Minister of Communications and Digital Technologies Stella Ndabeni-Abrahams has condemned the burning and destruction of cellphone network tower infrastructure and urged the South African Police to arrest those responsible for this anarchy.
The burning of the cellphone towers follows a resurgence in conspiracy theories which link the emergence of the coronavirus pandemic to 5G.
So far three telecommunications network infrastructure towers belonging to Vodacom and MTN were burnt and destroyed between Tuesday and Wednesday this week in KwaZulu-Natal.
Minister Ndabeni-Abrahams described the misinformation campaign as a threat to investments made telecoms network infrastructure.
“It is regrettable that the much-needed network infrastructure is being destroyed. The country currently needs resilient and high-speed connectivity for every citizen to enable them to participate meaningfully in the digital economy. Furthermore, mobile telephony is crucial in the fight against the coronavirus pandemic.
“The destruction of network towers compromises multi-pronged efforts and initiatives to stem the spread of the virus. We therefore urge the police to arrest anyone who is threatening of removing infrastructure network stations or towers,” said Ndabeni-Abrahams.
Since the outbreak of the Covid-19 pandemic there have been several social media campaigns linking 5G network to the outbreak of the virus. The World Health Organisation has, however, dispelled such myths. In their recent statement on this matter the WHO said: “To date, and after much research performed, no adverse health effect has been causally linked with exposure to wireless technologies.” The WHO statement on the matter was also echoed by South Africa’s Department of Health, which also described such assertions as unfounded.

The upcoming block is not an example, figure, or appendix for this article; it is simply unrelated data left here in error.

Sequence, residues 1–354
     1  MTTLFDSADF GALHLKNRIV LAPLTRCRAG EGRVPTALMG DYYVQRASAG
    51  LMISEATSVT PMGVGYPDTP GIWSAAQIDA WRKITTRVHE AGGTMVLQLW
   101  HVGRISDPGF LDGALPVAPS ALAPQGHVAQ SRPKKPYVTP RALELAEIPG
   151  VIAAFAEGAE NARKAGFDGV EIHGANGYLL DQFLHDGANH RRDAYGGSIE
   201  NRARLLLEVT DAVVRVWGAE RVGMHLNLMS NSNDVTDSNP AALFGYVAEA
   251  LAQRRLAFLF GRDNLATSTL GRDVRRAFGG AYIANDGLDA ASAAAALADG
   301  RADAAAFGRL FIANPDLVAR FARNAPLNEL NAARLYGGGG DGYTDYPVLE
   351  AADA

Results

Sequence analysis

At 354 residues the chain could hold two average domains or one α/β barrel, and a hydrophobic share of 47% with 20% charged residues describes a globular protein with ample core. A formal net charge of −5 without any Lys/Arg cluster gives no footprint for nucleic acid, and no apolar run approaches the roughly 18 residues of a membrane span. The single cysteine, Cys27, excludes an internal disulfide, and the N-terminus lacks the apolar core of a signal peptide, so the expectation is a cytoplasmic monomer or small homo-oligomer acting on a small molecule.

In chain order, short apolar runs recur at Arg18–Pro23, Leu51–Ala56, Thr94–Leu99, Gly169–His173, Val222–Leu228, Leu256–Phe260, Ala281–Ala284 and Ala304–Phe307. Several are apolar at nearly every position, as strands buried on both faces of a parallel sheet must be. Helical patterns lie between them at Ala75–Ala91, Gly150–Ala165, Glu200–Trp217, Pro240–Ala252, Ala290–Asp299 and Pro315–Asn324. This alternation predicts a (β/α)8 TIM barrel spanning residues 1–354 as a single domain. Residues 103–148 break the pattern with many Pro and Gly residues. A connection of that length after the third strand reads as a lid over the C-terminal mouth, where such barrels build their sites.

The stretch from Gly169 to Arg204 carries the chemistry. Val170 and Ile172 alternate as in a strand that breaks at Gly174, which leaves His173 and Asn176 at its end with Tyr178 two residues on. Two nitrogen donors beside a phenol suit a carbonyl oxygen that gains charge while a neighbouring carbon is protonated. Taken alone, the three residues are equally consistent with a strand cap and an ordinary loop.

“We also need to remind South Africans that spreading fake news or disinformation about Covid-19 is a punishable offence. Those involved in the destruction of infrastructure are not only breaking the law, but also violate people’s right to access information,” added Minister Ndabeni-Abrahams.
There has been an evolution of cellular telephony over recent years. It all started with the first-generation analogue cellular network (1G), which at that point only used voiced. This was followed by an evolution to 2G which included voice and text, then 3G which included the internet, pictures in addition to voice and text. 4G and 5G are upgrades which include faster downloading speeds and more added services.
Currently the department said it is finalising a draft policy for the roll-out of 5G networks. This process will be subjected to public consultation as is it required by the Electronic Communications Act of 2005.